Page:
Until one day, when Meuari's music ceased, the pair became lost from one another and Bedarin became lost in the expansive old forest. There, a demoness of malice, power, and shapeshifting spied on the vulnerable Bedarin. The demoness had been spurred firstly by giants, for their far-gazing eyes had seen her cruelty and trickery. Then she came upon men who threw her out for she had no softness, no caressing touch, only sharp and pointed fingers, grasping and clutching at all goodness and seeking it for herself. The Faen strangers had not let her come to their great pillared cities, for they had heard of her misdeeds and evil from the tongues of men.

Hopeless and in rising panic Bedarin came closer and closer to this temptress and evildoer. She came to take the fair form of Meuari, yet she did not sing her beautiful songs, for she had no beautiful voice of her own and Bedarin did not understand. Instead, she bade him come closer, come to her and walk with her once more. Bedarin, innocent and easily swayed did so and came to her thinking nothing of it. However, Bedarin and his demoness in disguise came upon a faint glow of singing and the pair came upon the true Meuari singing to let her Bedarin know where she was. Now Bedarin came to a state of confusion as he had a pair of his beloved Meuari before him. The two then debated with him over which of them was true and Bedarin listened. The true Meuari sang for him once more and she sang a song like that of old, bringing the sun and all the world's rivers to a standstill once more. The false Meuari rose, knowing she could not do likewise, she tempted Bedarin with her figure and her lustful appearance. She danced, lightfooted and elegant still, Bedarin knew in his heart what he saw was false, and yet, his heart beat greatly and he saw himself entranced by the dancing of the false Meuari.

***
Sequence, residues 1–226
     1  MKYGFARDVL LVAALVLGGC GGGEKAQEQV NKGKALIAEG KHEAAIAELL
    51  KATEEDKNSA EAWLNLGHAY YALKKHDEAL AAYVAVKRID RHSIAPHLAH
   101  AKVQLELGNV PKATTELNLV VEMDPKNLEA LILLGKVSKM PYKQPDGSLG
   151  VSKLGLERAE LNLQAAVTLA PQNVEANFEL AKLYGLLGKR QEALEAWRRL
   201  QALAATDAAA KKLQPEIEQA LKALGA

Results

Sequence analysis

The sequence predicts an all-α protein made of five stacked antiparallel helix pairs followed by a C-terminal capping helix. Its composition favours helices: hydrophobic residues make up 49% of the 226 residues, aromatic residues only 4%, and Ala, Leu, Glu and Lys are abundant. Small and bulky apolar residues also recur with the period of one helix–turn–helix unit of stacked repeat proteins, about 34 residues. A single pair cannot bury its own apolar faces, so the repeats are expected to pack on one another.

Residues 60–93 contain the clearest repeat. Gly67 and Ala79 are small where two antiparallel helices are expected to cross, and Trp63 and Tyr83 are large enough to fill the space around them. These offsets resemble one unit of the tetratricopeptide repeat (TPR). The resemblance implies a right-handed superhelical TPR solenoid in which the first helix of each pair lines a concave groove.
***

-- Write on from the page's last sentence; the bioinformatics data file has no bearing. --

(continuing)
Not knowing wrong, Bedarin accused Meuari of deceiving him, and with her prey ensnared, the demoness whispered into Bedarin's ear, the punishment for deception. The false Meuari formed for Bedarin Lehemendua, a great spear, taken from the soil and sand of the river and hardened by the fire of the sun. The demoness compelled Bedarin to run the deceiver through. With a strike of wrath, Bedarin struck Meuari with his earthly spear, and by the wrath of Lehemendua, Meuari's blood spilled into the rivers and seeped deep into the earth. With a deathly scream, Meuari brought panic and anxiety to the world with a final song of death.

With her final breath, Meuari called out to Nila and the presence of the high one came to see the sight of Bedarin before his beloved and an earthen spear in hand. A paternal rage came before placid Nila, and she rebuked her once beloved creation, cursing him. The great one's curse came upon Bedarin and all his kin, for they would be a wanderer and a fugitive, unbound to the earth from which he had defiled with the blood of the sweet and innocent. All who saw the Bedarinil would know of this shame, all would know of his foul deed, and the kin of Bedarin would be cast away from society and fearful of their unstable wrath. They would never again hear the pleasance of song and know only the madness and fear that they knew before blessed music came to their ear. The final act of Nila's curse was the most powerful, that of all the races, the kin of Bedarin would remain away from the blessing of Nila, they would be imperishable and never leave the abode of the world and be reunited with her. Nila marked the kin of Bedarin with a name from above, and so they came to be known as the Madarikes, the cursed children.

The Madarikes descend from Bedarin and his bewitching demoness, one called Tatzaeil. The Madarikes carry on amidst the dark dens of lands where light does not find them, in deep forest, they do not roam but rest weary in the earth, many never to utter a word.
(Bedarin Lehemendua and Meuari Aibstenhula)